I will toss my string of keys into a deep
well and old letters into the grate.

The second half of my life will be ice
breaking up on the river, rain
soaking the fields, a hand
held out, a fire,
and smoke going
upward, always.
mamculuna: (Default)
( May. 4th, 2004 04:14 pm)
I will try not to be too smarmy about this retirement thing, but my friends are fun. When I walked in the building this morning, here's what I found on the bulletin board )
mamculuna: (Default)
( Apr. 28th, 2004 02:09 pm)
I just got a wonderful early retirement present (May 21 is the big day) from the dear person who will replace me as interim. She worked very hard on e-Bay and found an authentically autographed picture of Sara Michelle Gellar! In a nice frame! (she had to get it shipped from England, so if any of you sold a picture, I've got it now).

If I knew how, I'd be going squeeee!! up and down the hall. It gets place of honor in my office until I retire.
mamculuna: (Default)
( Apr. 21st, 2004 11:24 am)
Doonesbury and Get Fuzzy spoilers for today's strips )

In other news, I seem to be having a quagmire experience of my own at work. Just when I should be cleaning out my bookshelves and taking long lunches, all the nutcases find my office. Sorry to be so short on compassion, but a lot of what I get is attempts at manipulation. Like the ones (and I see them every semester) who turn in papers that can easily be located on the papers-for-sale sites and then try to convince me that it was just a coincidence, or they forgot to cite that as a source! Word for word, and it's a coincidence? Also obnoxious are the ones who think intimidation is the route to go--big guys who stand over me and shout. Like I'm going to say "0ooh I'm so scared! Of course I'll make your teacher give you an A."

And of I can tell it's this time in the semester when I have to keep a box of tissues by the guest chair in my office. "Oooh if you cry, of course I'll just have to give you credit for work you didn't turn in."

And the worst of it is, some of them are faculty.

Clearly it's time to go! Cynicism has overwhelmed me.
mamculuna: (Default)
( Mar. 18th, 2004 06:56 pm)
Thanks for the wonderful recommendations in response to my last post. I expect to be well read, fed, and entertained for the next little while!

Meanwhile, spring is definitely here: )

Also, The Great Escape )
mamculuna: (Default)
( Mar. 3rd, 2004 01:06 pm)
Now that I'm actually able to se the end of working here (May 21 will be last day), I'm having very strange reactions. I thought it would be like moving or graduating from school, that I'd be caught with nostalgia and see only the wonderful things that I hated to leave. Just the opposite. It's as though the only way I could stay here was to blind myself to the realities, and now that I can leave, I'm seeing the truth. I guess.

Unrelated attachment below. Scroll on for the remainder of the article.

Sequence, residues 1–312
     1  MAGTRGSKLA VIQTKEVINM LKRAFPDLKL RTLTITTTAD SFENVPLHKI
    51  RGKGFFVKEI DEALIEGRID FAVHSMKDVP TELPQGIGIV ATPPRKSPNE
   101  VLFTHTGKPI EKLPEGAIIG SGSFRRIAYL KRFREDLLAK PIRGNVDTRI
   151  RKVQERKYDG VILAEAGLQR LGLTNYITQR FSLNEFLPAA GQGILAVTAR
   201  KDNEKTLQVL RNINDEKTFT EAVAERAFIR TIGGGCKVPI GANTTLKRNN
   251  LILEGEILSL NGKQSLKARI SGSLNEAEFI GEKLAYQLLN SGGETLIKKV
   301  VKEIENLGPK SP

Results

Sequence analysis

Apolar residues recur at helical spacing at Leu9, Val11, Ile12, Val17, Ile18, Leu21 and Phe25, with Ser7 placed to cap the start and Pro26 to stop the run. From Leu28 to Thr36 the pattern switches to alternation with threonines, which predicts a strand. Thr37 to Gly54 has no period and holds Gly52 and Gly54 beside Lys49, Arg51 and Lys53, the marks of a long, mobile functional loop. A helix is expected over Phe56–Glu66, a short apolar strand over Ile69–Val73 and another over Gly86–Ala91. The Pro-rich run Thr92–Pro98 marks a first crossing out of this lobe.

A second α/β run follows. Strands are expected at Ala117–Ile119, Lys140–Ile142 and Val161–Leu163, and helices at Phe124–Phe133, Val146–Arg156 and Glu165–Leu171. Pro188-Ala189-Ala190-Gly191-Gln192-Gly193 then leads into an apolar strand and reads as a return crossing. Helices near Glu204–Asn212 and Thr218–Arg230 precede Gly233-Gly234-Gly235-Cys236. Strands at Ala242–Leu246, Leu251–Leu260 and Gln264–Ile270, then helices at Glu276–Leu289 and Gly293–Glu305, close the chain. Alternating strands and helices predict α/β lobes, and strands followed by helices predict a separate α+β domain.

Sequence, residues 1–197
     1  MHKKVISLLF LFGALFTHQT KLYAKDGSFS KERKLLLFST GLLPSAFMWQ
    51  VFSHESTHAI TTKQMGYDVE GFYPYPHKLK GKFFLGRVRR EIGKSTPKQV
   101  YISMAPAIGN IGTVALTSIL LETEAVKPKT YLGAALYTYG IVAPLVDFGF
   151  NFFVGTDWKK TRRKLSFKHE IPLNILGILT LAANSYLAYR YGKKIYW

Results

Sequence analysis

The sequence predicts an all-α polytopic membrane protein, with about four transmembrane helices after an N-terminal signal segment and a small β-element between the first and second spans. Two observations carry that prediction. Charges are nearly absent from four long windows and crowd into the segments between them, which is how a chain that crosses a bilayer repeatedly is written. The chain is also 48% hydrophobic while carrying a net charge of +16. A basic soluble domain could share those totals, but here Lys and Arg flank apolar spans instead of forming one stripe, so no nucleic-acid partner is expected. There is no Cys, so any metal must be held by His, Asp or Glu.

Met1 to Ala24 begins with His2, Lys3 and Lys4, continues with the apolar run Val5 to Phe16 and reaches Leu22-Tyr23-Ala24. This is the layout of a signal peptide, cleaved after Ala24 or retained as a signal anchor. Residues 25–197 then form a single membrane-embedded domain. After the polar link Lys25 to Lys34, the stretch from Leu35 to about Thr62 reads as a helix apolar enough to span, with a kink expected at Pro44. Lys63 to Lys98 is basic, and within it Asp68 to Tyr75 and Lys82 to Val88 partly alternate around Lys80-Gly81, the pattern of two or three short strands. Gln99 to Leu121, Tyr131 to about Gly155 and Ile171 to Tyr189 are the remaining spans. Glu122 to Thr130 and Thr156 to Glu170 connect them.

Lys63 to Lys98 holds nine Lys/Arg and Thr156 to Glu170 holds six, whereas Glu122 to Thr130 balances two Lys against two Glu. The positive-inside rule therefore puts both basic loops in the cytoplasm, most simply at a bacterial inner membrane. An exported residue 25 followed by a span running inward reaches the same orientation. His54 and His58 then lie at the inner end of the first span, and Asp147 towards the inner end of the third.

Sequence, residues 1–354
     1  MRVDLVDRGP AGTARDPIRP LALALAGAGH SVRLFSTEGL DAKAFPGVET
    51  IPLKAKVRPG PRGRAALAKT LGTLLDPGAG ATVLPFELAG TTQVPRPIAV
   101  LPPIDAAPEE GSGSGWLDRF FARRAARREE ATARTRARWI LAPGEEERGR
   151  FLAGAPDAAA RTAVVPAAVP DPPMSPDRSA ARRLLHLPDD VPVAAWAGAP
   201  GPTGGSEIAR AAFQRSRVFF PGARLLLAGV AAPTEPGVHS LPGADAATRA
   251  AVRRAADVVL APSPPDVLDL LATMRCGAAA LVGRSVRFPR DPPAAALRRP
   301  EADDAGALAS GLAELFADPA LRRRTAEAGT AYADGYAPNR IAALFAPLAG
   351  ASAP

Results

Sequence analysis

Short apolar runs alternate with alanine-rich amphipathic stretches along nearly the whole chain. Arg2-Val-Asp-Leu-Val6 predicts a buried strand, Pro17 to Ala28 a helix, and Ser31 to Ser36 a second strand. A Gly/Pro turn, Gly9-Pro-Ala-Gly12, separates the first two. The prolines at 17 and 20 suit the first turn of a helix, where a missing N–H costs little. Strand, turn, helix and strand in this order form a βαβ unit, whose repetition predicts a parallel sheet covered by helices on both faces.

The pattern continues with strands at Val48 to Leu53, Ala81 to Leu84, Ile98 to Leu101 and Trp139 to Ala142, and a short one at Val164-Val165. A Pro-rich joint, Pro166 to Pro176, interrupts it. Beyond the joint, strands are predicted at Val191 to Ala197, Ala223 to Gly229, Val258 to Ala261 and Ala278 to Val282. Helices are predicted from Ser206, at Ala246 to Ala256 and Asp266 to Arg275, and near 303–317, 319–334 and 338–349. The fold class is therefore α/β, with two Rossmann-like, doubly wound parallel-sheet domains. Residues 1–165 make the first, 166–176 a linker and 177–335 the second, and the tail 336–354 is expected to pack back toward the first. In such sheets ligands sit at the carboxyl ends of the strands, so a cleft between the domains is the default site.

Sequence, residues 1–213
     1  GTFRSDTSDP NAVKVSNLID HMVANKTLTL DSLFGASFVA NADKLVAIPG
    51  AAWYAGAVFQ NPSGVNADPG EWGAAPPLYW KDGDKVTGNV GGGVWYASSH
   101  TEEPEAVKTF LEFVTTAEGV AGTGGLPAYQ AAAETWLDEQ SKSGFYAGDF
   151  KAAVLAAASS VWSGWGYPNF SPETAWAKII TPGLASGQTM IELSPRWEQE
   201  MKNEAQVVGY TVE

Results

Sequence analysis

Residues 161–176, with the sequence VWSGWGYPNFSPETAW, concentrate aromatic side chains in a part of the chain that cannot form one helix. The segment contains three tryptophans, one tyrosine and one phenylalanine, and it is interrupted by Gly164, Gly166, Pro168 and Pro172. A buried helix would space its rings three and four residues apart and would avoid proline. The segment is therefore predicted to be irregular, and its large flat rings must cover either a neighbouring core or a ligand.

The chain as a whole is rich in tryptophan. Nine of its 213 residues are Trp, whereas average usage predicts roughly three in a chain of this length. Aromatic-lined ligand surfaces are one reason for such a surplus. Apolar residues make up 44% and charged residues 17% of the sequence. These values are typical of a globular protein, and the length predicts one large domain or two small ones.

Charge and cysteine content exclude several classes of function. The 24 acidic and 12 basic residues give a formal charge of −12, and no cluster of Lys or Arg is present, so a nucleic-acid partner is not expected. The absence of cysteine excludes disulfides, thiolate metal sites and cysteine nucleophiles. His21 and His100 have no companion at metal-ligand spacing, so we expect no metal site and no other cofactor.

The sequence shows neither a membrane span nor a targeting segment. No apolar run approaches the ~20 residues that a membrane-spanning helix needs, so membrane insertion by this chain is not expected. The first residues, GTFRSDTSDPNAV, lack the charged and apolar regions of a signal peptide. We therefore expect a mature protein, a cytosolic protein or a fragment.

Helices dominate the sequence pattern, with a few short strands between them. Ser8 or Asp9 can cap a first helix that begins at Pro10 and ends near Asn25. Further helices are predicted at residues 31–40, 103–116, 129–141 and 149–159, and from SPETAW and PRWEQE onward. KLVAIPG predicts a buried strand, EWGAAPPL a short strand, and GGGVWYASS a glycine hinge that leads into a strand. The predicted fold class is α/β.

Anyway, I find myself very impatient with the faculty, the administration, and the students. I also find myself less willing to hide my frustration with some behavior. When students just don't bother to study for an exam, when faculty come to meetings to complain about lack of support from the administration but can't actually cite a case where that's happened, when administrators allow a good person to be fired for personal and political reasons, I really find what's happening is that I'm losing respect for them. And telling them, of course--never one to keep it all bottled up! Not all, of course. In most categories there are still some people who I admire, but I seem to be surrounded suddenly by people I don't respect.

Not that I'm great. I will be first to admit that, and have done it publicly, many times. I wonder if I'm just suddenly seeing this, or if people are changing. It may be too that I'm just learning to be more honest with myself as I grow older.

And then also there's the contrast with the ones I admire. Today one of the adjuncts came in in tears to cancel her class--her 2 year old son is being tested for autism. I couldn't really do anything but hug her and cry too--and I guess the frustration of not being able to help her any way, when she's been such an excellent, responsible, thoughful, committed teacher, made me even less patient with the full time instructor, making ten times her salary, who's having a complete hysterical breakdown because of having to teach one class he doesn't like. I really want to make them have to see themselves the way I see them--but I know I've got to do that with myself first.
mamculuna: (Default)
( Jan. 21st, 2004 06:38 pm)
The Road goes ever on and on
Down from the door where it began.
Now far ahead the Road has gone,
And I must follow, if I can,
Pursuing it with eager feet,
Until it joins some larger way
Where many paths and errands meet.
And whither then? I cannot say.

-- J R R Tolkien

Today I was listening to an NPR talk show about American nomads, from the RVs to the trainhoppers, and I had this sudden vision of myself on the road alone--packing a tent and a sleeping bag in my Beetle and hitting the road, just going on to the next place )


mamculuna: (Default)


RSS Atom

Most Popular Tags

Powered by Dreamwidth Studios

Style Credit

Expand Cut Tags

No cut tags